Energy and Insecurity: The Travails and Responses of Nigeria’s Mini-Grid Developers

Clean Technology Hub
5 min readJun 23, 2021


Image Credit: World Bank

Abel B.S. Gaiya*

Banditry, kidnapping, herder-farmer clashes and insurgency are words which regularly fly across the Nigerian media space each day. Yet as insecurity besets rural communities across the country, the challenges of rural development and rural electrification still persist.

The remoteness and dispersion of rural settlements makes it too costly to extend the main grid to many rural communities in Nigeria. This same factor also makes it more difficult for the government to provide safety against insecurity to these rural communities. Therefore, where security is lacking, many communities continue to experience both high levels of insecurity and high levels of energy poverty.

Mini-grids have been championed as a solution for rural electrification, and an alternative to small generators which are bad for the climate. A mini-grid is “a stand-alone power system or an integrated local generation and distribution system with installed capacity below 1MW, capable of serving numerous end users independent of the national grid”. These can range in size from micro (typically serving 20‐100 customers) to full mini‐grids (serving over 500 customers).

Research conducted by Clean Technology Hub reveals that insecurity has had an impact on the mini-grid solution in recent years. Interviews with developers show that they are observing disruptions to their mini-grid activities in several states and localities in various ways.

The Problems, and Measures Taken

Mini-grid developers typically conduct site feasibility evaluation, in which security is an important criterion for site selection. Therefore, locations in high-insecurity areas are often rejected for mini-grid projects. In addition to this, the worsened security situation has pushed some developers from a focus from rural to peri-urban sites, and consequently from isolated to interconnected mini-grid systems.

Sometimes in-person site evaluation and mini-grid installation cannot be performed due to security risks to the field personnel. Field personnel are at risk of getting kidnapped or suffering other forms of insecurity. One developer in the South South reports having personally escaped a failed kidnap attempt. Another developer has noted that as early as 2019, nine northern states, including Plateau, had been rated as having high security risk and thus the developer’s personnel could not be sent there.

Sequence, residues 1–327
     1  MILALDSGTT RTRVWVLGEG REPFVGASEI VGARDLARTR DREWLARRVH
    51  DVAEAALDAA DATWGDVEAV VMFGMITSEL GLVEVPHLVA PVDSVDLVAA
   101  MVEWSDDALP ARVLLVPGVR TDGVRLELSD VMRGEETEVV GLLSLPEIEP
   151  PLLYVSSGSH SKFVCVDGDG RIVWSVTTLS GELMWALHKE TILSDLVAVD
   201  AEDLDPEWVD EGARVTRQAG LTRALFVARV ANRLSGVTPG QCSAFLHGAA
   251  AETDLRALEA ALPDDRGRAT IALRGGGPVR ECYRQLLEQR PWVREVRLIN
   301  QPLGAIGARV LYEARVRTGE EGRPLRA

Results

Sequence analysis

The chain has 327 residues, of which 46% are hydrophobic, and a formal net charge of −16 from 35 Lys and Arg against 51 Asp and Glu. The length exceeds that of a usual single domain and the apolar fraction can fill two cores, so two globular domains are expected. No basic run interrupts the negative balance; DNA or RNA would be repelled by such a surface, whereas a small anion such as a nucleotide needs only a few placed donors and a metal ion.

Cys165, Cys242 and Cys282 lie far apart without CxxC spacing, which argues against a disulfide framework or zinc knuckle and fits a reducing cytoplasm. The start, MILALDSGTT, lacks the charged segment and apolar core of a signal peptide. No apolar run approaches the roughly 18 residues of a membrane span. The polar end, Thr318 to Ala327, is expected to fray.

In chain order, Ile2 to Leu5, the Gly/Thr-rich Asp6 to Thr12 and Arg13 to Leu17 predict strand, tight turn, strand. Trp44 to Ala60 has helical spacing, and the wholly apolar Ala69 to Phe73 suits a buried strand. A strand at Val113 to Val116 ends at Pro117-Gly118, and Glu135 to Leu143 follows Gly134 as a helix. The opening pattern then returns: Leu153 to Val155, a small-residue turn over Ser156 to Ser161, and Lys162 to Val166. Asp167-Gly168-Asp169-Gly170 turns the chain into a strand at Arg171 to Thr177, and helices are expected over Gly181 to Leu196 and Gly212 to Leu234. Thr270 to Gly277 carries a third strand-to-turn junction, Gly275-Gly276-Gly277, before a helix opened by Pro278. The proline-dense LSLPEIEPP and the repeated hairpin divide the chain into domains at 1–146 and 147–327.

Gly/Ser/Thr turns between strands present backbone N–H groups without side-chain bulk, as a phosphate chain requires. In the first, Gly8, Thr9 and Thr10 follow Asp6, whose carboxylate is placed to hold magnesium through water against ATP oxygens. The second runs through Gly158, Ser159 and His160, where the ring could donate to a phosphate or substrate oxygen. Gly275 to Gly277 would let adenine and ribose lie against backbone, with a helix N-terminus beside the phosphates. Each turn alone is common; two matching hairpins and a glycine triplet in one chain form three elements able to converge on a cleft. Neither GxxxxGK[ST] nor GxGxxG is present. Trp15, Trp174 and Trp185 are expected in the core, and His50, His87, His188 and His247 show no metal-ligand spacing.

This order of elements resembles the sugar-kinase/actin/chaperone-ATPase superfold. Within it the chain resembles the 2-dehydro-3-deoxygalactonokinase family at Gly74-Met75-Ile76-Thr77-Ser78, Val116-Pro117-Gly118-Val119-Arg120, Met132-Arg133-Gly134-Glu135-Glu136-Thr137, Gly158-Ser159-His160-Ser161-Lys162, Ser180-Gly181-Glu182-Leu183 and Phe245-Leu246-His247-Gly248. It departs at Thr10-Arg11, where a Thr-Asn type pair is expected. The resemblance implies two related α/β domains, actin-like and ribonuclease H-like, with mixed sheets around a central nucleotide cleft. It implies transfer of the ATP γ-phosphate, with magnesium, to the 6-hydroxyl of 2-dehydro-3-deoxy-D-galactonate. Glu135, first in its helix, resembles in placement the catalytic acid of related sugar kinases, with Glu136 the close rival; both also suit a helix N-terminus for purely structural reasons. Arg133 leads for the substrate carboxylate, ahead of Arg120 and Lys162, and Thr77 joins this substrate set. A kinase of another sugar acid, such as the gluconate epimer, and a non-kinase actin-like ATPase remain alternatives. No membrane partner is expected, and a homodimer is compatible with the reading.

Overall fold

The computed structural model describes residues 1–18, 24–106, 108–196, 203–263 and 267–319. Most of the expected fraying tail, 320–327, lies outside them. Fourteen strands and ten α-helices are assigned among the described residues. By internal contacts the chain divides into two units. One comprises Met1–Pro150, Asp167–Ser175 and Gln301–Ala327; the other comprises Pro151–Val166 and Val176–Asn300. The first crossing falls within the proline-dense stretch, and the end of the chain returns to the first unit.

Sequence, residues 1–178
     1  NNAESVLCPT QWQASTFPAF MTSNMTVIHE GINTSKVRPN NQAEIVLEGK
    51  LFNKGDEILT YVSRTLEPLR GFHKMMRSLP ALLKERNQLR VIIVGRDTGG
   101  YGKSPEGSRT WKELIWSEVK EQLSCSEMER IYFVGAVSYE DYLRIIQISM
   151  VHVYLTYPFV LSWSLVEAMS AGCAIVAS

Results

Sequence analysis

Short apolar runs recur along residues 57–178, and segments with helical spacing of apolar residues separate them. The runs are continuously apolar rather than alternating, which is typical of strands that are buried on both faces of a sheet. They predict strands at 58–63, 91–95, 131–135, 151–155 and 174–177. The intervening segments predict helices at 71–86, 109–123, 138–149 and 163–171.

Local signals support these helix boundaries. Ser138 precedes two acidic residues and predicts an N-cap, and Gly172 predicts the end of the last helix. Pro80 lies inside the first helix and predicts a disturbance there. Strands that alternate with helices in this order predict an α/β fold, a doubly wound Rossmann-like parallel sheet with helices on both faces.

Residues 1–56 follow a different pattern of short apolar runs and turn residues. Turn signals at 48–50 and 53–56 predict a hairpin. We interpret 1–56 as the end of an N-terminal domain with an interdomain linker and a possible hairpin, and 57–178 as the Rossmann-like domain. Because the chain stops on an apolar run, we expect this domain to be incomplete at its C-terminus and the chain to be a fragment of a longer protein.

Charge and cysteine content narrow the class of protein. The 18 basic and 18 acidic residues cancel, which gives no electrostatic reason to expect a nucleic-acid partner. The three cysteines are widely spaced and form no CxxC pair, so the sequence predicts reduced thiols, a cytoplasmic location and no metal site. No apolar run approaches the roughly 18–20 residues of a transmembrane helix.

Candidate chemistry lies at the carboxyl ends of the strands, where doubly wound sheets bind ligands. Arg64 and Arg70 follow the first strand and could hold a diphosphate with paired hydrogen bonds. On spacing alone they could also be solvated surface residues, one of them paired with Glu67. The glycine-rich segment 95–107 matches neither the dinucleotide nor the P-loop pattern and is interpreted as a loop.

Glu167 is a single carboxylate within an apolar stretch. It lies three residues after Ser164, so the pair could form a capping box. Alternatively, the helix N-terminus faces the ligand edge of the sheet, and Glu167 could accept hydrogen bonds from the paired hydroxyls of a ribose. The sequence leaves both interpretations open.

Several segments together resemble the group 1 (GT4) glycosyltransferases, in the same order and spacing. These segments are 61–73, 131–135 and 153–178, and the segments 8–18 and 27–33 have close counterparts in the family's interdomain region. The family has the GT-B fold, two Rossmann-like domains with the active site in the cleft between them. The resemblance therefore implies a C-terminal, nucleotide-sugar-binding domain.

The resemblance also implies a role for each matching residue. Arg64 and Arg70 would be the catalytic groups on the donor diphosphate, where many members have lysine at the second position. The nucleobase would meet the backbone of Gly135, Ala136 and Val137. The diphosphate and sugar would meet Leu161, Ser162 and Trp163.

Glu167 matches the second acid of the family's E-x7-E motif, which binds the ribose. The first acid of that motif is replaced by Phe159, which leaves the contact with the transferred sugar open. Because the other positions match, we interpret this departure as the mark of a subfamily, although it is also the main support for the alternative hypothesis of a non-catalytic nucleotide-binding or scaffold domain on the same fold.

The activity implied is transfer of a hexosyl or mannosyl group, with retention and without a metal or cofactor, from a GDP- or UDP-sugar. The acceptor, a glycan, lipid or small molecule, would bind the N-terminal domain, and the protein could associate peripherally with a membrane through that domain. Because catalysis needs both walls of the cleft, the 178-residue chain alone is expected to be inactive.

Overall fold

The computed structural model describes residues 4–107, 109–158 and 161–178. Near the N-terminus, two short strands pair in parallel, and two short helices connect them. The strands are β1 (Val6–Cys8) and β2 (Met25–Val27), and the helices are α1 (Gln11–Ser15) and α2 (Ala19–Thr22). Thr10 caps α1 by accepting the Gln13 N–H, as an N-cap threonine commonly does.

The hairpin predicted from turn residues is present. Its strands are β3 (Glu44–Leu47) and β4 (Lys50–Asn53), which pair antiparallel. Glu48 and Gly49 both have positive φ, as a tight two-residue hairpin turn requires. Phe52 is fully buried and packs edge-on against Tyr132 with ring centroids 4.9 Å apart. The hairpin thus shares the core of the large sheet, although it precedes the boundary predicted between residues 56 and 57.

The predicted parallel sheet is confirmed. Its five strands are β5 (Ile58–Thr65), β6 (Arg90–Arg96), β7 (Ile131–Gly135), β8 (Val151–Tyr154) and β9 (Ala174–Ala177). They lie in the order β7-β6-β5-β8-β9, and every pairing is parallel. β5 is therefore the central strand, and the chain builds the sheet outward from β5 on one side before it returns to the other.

In addition to more careful security assessments for site selection, developers have sought to overcome these challenges by providing security escorts for field personnel. A developer in the South South warns that this may sometimes be counterproductive in some sites, where it may look aggressive or may falsely suggest that the personnel are wealthy. When first visiting the site, field personnel generally visit the police station or army barracks to get information about the safest locations and times to move, as well as to obtain contacts which may eventually come in handy. Some developers hire locals of the communities and train them on mini-grid installation and monitoring. This leverages the locales’ better assessments and navigability of security risks. Another major adaptation, partly as an operational response to the COVID-19 pandemic, is the digitization of some operations to monitor and follow-up on installations.

Transportation of equipment to such areas also becomes a challenge in high-insecurity areas, given the risk of kidnappers and bandits violently intercepting vehicles on expressways. This raises security costs for developers who then have to hire armed security outfits.